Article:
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France’s Position on Recognizing a Palestinian State

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In a significant divergence from the stance taken by Ireland, Spain, and Norway, France expressed on Wednesday that the conditions were not conducive to officially recognizing a Palestinian state. Foreign Minister Stephane Sejourne emphasized that any decision to recognize a Palestinian state must extend beyond symbolic or political posturing to have a tangible impact on the peace process.

The French stance, articulated after discussions in Paris with Israeli Foreign Minister Israel Katz, distances the country from its European counterparts. While France has previously acknowledged that recognizing a Palestinian state is not off-limits, it maintains that such recognition should form part of a broader effort to achieve a two-state solution between Palestinians and Israelis.

Despite lobbying efforts by several European countries and some Arab states to garner support for recognizing a Palestinian state, France has underscored that doing so without genuine negotiations would yield limited change on the ground. Sejourne stressed that recognizing a Palestinian state should not be viewed solely as a symbolic issue or a matter of political positioning but rather as a diplomatic tool in the pursuit of two states coexisting peacefully and securely.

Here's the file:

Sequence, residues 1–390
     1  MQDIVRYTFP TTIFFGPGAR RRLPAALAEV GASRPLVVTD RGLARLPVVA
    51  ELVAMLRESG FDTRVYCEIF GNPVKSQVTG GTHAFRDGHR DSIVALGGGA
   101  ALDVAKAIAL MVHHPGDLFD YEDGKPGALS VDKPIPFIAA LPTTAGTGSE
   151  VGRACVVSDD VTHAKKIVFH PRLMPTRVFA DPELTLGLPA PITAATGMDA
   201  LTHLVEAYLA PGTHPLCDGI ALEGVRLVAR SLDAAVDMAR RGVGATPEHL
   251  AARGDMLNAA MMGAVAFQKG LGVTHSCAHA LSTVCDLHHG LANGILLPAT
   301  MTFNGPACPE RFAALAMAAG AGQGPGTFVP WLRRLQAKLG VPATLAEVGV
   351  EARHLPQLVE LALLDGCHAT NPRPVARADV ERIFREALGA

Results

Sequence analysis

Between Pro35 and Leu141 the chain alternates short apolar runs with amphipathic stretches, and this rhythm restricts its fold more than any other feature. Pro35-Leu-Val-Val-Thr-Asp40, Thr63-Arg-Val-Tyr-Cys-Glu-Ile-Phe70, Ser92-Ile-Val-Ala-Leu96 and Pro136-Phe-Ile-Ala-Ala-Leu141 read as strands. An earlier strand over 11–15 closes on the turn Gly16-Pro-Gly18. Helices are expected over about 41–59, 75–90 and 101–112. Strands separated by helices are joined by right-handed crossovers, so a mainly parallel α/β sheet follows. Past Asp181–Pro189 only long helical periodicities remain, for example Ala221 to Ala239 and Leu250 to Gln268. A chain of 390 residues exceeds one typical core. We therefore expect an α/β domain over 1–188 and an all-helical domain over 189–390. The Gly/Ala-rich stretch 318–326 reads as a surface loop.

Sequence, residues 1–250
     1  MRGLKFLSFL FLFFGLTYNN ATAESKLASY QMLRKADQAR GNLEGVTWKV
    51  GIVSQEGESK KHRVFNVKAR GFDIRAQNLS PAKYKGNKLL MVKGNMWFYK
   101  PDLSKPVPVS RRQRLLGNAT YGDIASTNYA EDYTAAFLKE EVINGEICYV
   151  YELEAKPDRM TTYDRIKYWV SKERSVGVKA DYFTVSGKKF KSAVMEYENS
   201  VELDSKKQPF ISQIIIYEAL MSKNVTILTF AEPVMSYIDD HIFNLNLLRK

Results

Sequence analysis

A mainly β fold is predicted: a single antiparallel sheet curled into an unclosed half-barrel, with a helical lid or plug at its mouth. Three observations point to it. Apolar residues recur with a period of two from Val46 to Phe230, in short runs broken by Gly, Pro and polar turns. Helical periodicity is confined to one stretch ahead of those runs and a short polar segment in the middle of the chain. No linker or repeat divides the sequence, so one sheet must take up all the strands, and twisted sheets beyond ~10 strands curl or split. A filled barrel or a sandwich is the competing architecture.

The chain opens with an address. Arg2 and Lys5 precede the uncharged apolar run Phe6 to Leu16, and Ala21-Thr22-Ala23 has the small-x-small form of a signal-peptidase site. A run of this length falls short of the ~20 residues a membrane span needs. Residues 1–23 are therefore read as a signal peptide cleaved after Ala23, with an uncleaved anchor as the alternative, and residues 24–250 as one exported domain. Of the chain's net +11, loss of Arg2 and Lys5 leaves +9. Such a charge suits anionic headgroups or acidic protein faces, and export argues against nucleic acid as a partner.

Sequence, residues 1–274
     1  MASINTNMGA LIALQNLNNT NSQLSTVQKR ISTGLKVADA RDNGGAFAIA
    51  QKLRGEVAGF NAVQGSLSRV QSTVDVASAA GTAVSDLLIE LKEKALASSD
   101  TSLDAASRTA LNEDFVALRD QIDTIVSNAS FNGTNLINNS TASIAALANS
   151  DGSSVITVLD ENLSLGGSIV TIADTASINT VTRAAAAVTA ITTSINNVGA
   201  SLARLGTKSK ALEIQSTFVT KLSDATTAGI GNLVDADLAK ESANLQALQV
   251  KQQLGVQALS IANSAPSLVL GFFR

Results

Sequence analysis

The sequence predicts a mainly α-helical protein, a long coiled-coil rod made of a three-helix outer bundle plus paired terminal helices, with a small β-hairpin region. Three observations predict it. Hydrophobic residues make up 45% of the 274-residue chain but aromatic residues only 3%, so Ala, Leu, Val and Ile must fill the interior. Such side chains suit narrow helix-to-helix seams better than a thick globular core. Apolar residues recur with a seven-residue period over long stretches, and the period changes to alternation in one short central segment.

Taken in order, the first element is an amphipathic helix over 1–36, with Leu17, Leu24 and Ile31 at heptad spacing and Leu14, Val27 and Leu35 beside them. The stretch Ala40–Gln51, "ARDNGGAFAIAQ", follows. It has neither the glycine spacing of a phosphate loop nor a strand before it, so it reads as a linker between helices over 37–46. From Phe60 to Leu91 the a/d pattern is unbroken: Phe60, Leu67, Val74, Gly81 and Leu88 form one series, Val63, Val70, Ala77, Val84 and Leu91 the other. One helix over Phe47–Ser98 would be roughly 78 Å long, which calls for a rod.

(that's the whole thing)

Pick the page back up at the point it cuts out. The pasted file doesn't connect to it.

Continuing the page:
French diplomats have asserted that symbolic recognition would hold little value without substantial progress in a political process supported by the United States, Israel’s principal ally. France has been actively drafting a UN Security Council resolution, with plans to present it during the summer. The resolution aims to reintroduce the parameters for negotiations on a two-state solution to the Security Council while also reinforcing a clear condemnation of the Islamist militant group Hamas following the October 7 attack on Israel that triggered the Gaza war. The negotiating process has remained stagnant for the past decade.

The United States has echoed a similar sentiment, emphasizing that the establishment of a Palestinian state should be pursued through diplomatic negotiations rather than unilateral recognition. It is important to note that the US holds veto power at the United Nations, underscoring its influential role in shaping the discourse around recognizing a Palestinian state.

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